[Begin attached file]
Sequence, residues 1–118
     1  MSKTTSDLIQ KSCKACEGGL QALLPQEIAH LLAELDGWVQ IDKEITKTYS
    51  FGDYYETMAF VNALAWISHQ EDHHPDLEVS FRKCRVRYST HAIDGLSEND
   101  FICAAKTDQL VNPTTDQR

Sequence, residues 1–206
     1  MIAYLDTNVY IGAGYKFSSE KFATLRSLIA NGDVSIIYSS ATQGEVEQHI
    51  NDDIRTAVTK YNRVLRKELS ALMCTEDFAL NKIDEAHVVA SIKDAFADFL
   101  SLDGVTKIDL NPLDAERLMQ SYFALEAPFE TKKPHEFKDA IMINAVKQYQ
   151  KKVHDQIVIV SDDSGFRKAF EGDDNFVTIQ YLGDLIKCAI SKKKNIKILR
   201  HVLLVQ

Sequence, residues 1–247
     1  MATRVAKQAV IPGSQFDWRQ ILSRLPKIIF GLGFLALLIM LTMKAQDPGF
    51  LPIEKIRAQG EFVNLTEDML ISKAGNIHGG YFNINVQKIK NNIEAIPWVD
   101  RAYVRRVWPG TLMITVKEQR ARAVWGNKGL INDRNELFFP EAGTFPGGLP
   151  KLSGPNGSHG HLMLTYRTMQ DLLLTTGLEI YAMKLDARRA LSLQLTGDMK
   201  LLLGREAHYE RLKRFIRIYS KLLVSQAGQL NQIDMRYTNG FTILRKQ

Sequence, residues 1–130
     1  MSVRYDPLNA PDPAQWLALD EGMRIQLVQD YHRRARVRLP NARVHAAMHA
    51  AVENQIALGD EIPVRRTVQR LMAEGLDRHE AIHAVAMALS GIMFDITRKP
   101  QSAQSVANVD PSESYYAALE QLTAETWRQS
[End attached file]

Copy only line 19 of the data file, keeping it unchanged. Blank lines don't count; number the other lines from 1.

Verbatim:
    51  AVENQIALGD EIPVRRTVQR LMAEGLDRHE AIHAVAMALS GIMFDITRKP